Leadership is another of those things that people find hard to define, but can recognise it when they see it. I recently googled “leadership definition” and got 386 million hits, which indicates there are many definitions out there. A dictionary is usually a good starting point to understand a term. Here’s how Merriam-Webster defines leadership:
For once, the dictionary is not so helpful. So, let’s continue and see what some of the great thinkers on leadership have to say. Peter Drucker defines the term leader pithily: “The only definition of a leader is someone who has followers.” However, that seems a little to pithy for my taste. Are you only a leader once you have followers, or do you attract followers through displaying leadership? (This is akin to the old philosophical question about whether a falling tree in the forest makes any noise, if there’s nobody present to hear it.)
John C. Maxwell made an early attempt to fill out the dictionary definition, “leadership is influence – nothing more, nothing less.” The coiner of the term transformational leadership, James MacGregor Burns, expanded on the idea of influence thus:
“I define leadership as leaders inducing followers to act for certain goals that represent the values and the motivations – the wants and needs, the aspirations and expectations – of both leaders and followers.”
Bernard Bass defined this in terms of how the leader affects followers, who are intended to trust, admire and respect the transformational leader. Warren Bennis added another layer to this,
“leadership is a function of knowing yourself, having a vision that is well communicated, building trust among colleagues, and taking effective action to realize your own leadership potential.”
So, one way of being better able to influence others is through knowing yourself, your strengths and weaknesses. John Kotter points to another aspect in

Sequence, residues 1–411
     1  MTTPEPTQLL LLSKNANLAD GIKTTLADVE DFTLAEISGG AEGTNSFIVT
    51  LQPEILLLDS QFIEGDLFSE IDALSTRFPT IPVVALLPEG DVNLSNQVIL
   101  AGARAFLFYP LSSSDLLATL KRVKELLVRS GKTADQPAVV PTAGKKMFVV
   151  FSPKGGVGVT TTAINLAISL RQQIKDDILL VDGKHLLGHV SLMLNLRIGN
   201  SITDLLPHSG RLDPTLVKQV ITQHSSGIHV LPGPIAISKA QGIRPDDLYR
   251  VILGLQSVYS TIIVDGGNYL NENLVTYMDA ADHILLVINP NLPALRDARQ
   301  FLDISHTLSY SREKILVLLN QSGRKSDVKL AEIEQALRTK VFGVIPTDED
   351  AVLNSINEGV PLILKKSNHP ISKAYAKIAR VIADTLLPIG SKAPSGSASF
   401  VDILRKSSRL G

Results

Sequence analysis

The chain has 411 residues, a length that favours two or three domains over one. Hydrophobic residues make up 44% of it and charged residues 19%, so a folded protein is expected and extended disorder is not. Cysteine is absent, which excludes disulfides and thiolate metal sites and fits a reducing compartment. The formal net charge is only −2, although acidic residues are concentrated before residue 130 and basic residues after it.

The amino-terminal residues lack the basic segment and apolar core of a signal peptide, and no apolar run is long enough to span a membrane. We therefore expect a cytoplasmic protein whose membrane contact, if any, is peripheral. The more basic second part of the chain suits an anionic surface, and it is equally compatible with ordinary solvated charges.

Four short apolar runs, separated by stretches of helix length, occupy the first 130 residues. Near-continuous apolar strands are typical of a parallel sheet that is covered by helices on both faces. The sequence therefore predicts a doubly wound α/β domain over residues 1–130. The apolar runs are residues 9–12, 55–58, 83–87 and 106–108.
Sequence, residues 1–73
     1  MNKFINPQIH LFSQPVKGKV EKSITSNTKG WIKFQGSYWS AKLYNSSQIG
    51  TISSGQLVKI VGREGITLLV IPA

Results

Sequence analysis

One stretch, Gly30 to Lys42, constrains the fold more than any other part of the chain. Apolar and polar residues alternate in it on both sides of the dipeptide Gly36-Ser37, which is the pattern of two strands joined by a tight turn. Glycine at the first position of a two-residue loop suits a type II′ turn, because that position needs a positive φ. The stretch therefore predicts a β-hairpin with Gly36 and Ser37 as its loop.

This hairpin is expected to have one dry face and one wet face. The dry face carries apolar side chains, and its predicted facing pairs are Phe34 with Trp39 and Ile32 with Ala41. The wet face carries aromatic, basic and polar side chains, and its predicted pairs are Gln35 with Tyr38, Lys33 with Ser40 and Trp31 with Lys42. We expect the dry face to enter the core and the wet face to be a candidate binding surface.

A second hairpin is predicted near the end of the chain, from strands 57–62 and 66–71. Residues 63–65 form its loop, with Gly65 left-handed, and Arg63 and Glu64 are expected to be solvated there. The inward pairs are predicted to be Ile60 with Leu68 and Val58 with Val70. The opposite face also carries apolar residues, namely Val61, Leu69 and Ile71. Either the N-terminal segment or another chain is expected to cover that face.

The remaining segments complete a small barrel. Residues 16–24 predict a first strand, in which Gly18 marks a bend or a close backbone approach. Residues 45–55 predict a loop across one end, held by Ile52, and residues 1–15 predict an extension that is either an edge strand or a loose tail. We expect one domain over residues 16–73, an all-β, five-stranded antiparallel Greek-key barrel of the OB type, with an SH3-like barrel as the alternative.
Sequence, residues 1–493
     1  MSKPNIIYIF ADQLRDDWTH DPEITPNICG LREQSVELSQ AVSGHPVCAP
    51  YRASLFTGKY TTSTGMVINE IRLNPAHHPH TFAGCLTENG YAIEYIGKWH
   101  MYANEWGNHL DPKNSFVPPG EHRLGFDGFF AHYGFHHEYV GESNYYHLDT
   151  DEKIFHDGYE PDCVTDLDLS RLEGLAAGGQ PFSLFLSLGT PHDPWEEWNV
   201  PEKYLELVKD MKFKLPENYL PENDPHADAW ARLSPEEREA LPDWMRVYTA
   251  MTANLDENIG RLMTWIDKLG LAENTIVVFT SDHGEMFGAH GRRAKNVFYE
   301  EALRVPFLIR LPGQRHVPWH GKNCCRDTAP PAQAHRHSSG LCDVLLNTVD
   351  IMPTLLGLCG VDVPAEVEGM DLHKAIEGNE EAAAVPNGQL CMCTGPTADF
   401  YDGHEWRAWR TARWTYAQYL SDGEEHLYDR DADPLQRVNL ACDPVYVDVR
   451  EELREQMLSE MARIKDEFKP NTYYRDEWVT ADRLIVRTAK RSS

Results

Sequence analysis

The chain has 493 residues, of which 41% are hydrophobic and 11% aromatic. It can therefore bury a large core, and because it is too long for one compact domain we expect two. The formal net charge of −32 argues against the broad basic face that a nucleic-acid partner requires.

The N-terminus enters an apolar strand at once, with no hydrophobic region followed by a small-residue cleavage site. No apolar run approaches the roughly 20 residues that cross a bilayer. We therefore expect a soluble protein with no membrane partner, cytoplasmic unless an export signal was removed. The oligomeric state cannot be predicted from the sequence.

“Leadership defines what the future should look like, aligns people with that vision, and inspires them to make it happen despite the obstacles”.
Tenacity is a key quality in research, the willingness and ability to keep attacking a problem or question until it yields its secrets.
From the area of research come two other definitions, which are pretty close to those from the mainstream literature. Alice Sapienza author of Managing Scientists: Leadership Strategies in Scientific Research writes
“leadership is an influence process that is noncoercive in nature and produces acceptance or commitment on the part of organizational members to courses of action that contribute to the organization’s effectiveness”.
In Making the Right Moves (available for download from HHMI), Edward O’Neil (UCSF) condenses it to an equation:
Leadership = Vision + Relationships + Tasks
This equation helps to illustrate why I place so much emphasis on skills and tools that support relationships in my leadership sculptor® process. When I ask researchers to describe leadership, they give me a wide variety of viewpoints. One such description is of someone I would term a boss, someone who directs people to achieve a goal. In such a definition, the research leader is relying on their position, their scientific ability and on their research funding (in the literature, this is labeled assigned leadership). While such a style can work well in an emergency, Daniel Goleman et al’s research has shown this to be less effective in other settings. One indicator of an overdose of “boss” in R&D settings, in my experience, is the above-average staff turnover or drop-out rate in such a group or department. Other viewpoints echo the literature: having and being able to share a vision, getting people to do their best, maximizing results, having and transmitting ideas.
R&D takes place in an intense environment – you’re either first to a result, or nowhere. There are no 2nd prizes. That’s why, in my definition of leadership I make visible a counter-balancing aspect to save researchers from themselves:
Leadership is the art of maintaining a dynamic balance between influencing others, by word and deed, to reach common goals and ensuring their development and well-being.
I published an earlier version of this article on January 19, 2012.
(Photo: Margaret Anne Clarke)